In a suburb of London, young Jamie is escaping sport hours, to avoid being the victim of his comrades. Young Ste, his neighbor, is beaten by his father, and comes to sleep overnight. They discover new feelings, sleeping in the same bed.
After his gay cousin dies from hepatitis, young Laurent, who lives with his best friend Carole, falls in love with Cedric, a plant scientist. He's afraid to inform his conservative parents that he is gay.
A bullied and demoralized gay student at an all-boys school uses a magical flower derived from Shakespeare's "A Midsummer Night's Dream' to turn many in his community gay, including a comely rugby player for himself.
Aaron Davis (Steve Sandvoss) and Christian Markelli (Wes Ramsey) are perhaps the two most opposite people in the world. Aaron is a passionate young Elder (a Mormon missionary) who wants to do his family and church proud. Christian is a shallow West Hollywood waiter/party boy who only looks forward to what man the next night will bring to him. After Aaron and three other Elders move into the apartment across from his, Christian's friends make a bet that he can't get one of them into the sack, so he instantly latches onto Aaron, suspecting there is more than meets the eye to him. There are two problems, though: Christian finds himself questioning his own identity as he falls in love with Aaron and the Mormon Church treats homosexuality as a sinful lifestyle. When Aaron's burgeoning sexuality is discovered, they will have to go through trials of regret, loss, perseverance, and forgiveness if they want to get to the thing that matters to them most: each other.Written by
This film was originally to be shown in the "Madstone" theater in Salt Lake City, Utah (which has a heavy LDS population) on the day of its national release, but the theater pulled it a few weeks before it was scheduled to open. The reason given was that the film "lacked artistic merit", but the film's promoters contend that the theater management gave in to local pressure not to show the film due to its unflattering portrayal of the LDS Church. The film was shown a few weeks later in a different Salt Lake theater and attracted a large audience. See more »
When Gladys Davis runs out of the house after Christian, from indoor we see the sun is shining directly at the door. From outside, Gladys runs a few steps before she gets to the sunlight. See more »
Elder Aaron Davis:
When I first came to Los Angeles, it looked like just this mass of dots... all jumbled and disconnected. It was pretty disorienting.
See more »
The director would like to give a special thank you to all my former neighbors on Scott Avenue See more »
This film is available on DVD in the US in R-rated and unrated versions. See more »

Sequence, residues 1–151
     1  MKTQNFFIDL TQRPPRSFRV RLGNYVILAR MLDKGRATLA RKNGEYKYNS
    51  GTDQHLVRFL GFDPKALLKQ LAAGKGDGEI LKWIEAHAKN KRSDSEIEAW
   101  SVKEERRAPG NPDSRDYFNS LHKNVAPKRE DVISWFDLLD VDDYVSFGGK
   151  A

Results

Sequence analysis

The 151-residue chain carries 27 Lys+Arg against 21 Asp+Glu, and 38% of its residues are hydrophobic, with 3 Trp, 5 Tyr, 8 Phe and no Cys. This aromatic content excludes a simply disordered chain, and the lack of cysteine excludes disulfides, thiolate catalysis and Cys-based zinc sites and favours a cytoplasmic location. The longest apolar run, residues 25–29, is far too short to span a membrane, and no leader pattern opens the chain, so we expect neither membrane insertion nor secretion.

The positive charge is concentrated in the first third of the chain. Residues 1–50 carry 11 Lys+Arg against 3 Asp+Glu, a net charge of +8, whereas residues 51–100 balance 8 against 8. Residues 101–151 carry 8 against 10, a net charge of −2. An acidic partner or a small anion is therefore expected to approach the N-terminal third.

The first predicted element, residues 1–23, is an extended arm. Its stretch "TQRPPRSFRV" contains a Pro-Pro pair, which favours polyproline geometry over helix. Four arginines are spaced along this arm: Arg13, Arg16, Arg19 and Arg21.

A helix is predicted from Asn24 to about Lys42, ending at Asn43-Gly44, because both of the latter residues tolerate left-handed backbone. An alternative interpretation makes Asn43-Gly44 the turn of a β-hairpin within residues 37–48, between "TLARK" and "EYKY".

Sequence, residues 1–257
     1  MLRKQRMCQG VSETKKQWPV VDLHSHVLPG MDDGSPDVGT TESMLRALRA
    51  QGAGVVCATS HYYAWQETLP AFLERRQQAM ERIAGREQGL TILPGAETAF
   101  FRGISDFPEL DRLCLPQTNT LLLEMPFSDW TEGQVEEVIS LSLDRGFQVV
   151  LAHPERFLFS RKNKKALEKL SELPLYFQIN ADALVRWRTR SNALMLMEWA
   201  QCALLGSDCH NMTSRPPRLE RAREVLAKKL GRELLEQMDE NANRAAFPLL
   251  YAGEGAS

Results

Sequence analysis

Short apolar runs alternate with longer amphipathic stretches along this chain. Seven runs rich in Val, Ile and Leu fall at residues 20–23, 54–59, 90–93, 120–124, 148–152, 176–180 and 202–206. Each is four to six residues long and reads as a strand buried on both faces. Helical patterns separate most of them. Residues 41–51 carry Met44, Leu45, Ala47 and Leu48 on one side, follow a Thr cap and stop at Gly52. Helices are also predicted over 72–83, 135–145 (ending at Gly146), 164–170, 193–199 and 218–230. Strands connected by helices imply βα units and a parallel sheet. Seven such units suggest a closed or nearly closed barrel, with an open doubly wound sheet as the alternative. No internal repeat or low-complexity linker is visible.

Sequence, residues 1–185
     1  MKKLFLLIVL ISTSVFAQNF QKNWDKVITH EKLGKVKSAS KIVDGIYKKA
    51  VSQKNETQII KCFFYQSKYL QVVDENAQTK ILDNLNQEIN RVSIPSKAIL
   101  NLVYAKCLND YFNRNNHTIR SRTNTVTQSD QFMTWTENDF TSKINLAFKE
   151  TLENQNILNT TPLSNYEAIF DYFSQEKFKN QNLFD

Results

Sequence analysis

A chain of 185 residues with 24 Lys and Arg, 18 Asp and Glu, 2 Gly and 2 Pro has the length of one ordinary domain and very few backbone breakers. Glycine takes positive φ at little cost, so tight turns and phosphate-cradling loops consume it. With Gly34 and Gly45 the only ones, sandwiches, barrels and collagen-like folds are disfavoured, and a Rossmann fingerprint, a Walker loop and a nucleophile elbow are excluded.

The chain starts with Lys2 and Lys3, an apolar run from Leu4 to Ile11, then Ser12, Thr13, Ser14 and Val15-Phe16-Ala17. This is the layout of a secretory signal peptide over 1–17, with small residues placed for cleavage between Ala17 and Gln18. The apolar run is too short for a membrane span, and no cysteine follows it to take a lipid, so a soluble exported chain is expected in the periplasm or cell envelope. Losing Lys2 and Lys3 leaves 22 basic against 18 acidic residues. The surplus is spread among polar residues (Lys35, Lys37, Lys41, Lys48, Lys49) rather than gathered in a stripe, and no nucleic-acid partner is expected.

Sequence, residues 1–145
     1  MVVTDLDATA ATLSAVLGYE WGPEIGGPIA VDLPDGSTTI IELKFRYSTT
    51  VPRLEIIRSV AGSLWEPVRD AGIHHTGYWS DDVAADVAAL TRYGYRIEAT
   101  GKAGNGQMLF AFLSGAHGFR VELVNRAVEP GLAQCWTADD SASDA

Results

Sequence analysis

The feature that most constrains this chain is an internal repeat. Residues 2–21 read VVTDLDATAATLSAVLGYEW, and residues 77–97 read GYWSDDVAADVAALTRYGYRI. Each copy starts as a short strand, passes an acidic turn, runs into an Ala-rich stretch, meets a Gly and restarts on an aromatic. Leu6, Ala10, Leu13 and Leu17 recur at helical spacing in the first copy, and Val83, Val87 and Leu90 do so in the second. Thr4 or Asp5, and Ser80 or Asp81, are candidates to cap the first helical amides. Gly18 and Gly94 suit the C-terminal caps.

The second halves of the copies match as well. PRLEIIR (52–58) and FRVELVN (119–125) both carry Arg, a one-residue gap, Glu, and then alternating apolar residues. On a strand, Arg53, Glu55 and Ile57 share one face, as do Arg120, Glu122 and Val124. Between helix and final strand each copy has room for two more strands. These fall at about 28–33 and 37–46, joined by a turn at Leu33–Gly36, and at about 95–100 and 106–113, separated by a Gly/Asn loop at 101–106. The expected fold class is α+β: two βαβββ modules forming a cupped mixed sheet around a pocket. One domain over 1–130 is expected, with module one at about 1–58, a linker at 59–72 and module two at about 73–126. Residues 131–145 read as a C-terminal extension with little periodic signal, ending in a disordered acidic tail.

I saw this movie on a Sunday; couldn't stop thinking about it Monday and Tuesday and HAD to go see it again on Wednesday. No, Latter Days will not be remembered as one of best written films of all time. But for many of us, this movie has provoked a bit of soul searching about the joys and challenges of being gay in America these days. More importantly, Latter Days affirms the profound joy and genuine love gay people do discover with one another.
The storyline in short, a closeted Mormon Missionary from Idaho, Aaron Davis, moves to LA where he ends up living next door to a hot swinging gay boy, Christian, who has all the depth of reality TV. Christian's interest in Aaron is initially motivated by a bet he makes with his friends that he can bag this `missionary man.' Aaron and Christian are quickly attracted to one another and begin to struggle with their emotions, sexual desires and the painful limitations of their respective lifestyles.
Wes Ramsey, does a phenomenal job as the shallow but beautiful Christian. But it is Steve Sandvoss, as the Mormon missionary with everything to lose and for that matter, a life to gain, who really makes this movie something special and memorable. I doubt that there is a gay or bi-man alive who can see this movie and not fall in love with Sandvoss' character, Aaron Davis. This is an incredible performance for a first time screen actor! Sandvoss is totally believable as a sensitive, loving, spiritual person whose humanity is profoundly more life affirming than his religious mentors or the sophisticated freethinking idealists of West LA.
The plot and its various twists sometimes come off as a bit far fetched. That said, if you are the kind of person who believes in romance and can suspend belief long enough to allow yourself to get caught up in this film, it will leave you with a lump in your throat if not a tear on your cheek. If you are struggling with the challenges of being gay, it will remind you that you're OK and are as entitled to love and happiness as anyone in this world. And oh yes.. it will leave you wanting to see more of Steve Sandvoss. Come to think of it, I think it may be time for a third viewing.
45 of 49 people found this review helpful.
Was this review helpful to you?
| Report this